Then turning to the peasants, who were standing respectfully and uncovered close by the door, he asked them,—
“Where did you find this cartridge, my friends?”
“Close by the old tower, where they keep the tools, and where the ivy is growing all over the old castle.”
M. Seneschal had in the meantime succeeded in recovering his self-control, and said now,—
“Surely the murderer cannot have fired from there. You cannot even see the door of the house from the old tower.”
“That may be,” replied the magistrate; “but the cartridge-case does not necessarily fall to the ground at the place where the gun is discharged. It falls as soon as the gun is cocked to reload.”
This was so true, that even Dr. Seignebos had nothing to say.
“Now, my friends,” said M. Galpin, “which of you has found the cartridge-case?”
“We were all together when we saw it, and picked it up.”
“Well, then, all three of you must give me your names and your domicile, so that I can send for you when you are wanted.”
This was done; and, when all formalities were attended to, they went off with numberless bows and doffings of hats. Just at that moment the furious gallop of a horse was heard approaching the house; the next moment the man who had been sent to Sauveterre for medicines came in. He was furious.
“That rascal of a druggist!” he said. “I thought he would never open his shop!”
Dr. Seignebos had eagerly seized the things that were sent him, then, bowing with mock respect to the magistrate, he said,—
“I know very well, sir, how pressing the necessity is to have the head of the culprit cut off; but I think it is almost as pressing to save the life of the murdered man. I have probably delayed the binding up of the count’s wounds longer than I ought to have done; and I beg you will now leave me alone, so as to enable me to do my duty to him.”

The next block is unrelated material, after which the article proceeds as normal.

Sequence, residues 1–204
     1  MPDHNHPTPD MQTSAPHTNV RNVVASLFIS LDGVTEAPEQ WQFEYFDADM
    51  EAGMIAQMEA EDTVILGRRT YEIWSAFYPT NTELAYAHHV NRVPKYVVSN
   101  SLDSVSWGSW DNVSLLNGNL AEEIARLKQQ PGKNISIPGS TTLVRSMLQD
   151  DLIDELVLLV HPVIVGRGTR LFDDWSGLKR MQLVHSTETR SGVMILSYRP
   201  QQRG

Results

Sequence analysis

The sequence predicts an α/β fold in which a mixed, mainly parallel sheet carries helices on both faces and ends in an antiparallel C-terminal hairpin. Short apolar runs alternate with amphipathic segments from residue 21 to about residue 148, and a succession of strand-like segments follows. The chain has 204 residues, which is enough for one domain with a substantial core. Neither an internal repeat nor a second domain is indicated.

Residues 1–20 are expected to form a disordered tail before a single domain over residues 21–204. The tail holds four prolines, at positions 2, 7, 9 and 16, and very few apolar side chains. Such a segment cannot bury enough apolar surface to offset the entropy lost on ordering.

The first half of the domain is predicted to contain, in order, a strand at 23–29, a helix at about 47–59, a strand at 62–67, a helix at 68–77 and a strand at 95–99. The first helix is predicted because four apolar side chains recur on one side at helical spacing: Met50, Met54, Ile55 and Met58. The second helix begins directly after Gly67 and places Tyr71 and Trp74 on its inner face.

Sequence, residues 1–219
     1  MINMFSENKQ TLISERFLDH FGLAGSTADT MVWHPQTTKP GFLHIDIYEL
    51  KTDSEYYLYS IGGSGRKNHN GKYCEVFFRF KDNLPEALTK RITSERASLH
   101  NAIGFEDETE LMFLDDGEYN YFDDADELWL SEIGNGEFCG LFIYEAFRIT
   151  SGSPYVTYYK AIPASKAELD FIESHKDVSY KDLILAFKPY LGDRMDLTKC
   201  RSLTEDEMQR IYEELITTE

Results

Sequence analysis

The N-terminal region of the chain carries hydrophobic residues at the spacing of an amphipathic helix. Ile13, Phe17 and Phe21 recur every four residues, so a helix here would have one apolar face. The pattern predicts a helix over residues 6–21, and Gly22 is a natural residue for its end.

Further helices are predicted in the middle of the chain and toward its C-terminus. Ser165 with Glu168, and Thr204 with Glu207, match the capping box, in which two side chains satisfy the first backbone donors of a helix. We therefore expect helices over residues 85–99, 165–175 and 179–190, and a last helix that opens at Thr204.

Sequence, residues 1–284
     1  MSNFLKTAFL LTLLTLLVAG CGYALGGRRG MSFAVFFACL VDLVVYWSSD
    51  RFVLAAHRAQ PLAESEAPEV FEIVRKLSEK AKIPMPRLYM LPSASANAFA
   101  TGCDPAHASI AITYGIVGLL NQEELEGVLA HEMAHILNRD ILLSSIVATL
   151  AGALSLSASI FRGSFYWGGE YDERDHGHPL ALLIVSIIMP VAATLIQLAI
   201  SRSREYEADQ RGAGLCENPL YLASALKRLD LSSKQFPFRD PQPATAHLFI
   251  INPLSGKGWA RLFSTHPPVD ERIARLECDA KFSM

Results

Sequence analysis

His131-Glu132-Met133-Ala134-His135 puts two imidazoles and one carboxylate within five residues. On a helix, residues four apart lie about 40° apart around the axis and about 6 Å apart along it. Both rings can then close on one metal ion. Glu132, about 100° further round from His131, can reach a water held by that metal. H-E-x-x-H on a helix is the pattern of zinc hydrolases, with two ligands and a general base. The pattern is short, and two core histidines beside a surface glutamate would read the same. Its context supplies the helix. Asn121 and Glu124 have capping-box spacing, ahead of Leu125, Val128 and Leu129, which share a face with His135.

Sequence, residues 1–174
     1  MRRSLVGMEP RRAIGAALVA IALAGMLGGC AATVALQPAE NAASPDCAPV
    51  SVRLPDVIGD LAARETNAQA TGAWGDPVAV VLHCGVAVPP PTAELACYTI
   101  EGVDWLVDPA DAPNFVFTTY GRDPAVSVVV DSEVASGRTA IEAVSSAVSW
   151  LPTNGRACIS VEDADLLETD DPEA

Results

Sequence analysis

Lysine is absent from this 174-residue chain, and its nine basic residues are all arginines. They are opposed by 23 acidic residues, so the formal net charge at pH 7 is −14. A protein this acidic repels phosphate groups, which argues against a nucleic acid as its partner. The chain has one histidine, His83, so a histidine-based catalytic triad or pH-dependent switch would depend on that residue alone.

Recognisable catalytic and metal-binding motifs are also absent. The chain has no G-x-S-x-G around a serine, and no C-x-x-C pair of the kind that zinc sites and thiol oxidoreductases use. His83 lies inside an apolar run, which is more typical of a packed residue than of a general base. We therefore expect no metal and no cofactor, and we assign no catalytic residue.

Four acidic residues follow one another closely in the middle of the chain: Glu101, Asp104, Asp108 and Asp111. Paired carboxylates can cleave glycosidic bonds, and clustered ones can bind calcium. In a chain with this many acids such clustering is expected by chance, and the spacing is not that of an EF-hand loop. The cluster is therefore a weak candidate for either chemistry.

There was nothing more to be done for the magistrate, the commonwealth attorney, or the mayor. The doctor might assuredly have used more polite language; but people were accustomed to his brutal ways; for it is surprising with what readiness men are tolerated in France, under the pretext that they are as they are, and that they must be taken as they are. The three gentlemen, therefore, left the room, after having bid farewell to the countess, and after having promised to send the count news of all that might be discovered.
The fire was going out for want of fuel. A few hours had sufficed to destroy all that the hard work and incessant cares of many years had accomplished. This charming and much envied estate presented now nothing but a few half calcined walls, heaps of black and gray ashes, and still glowing timbers, from which columns of smoke were slowly rising upward. Thanks to Capt. Parenteau, all that they had been able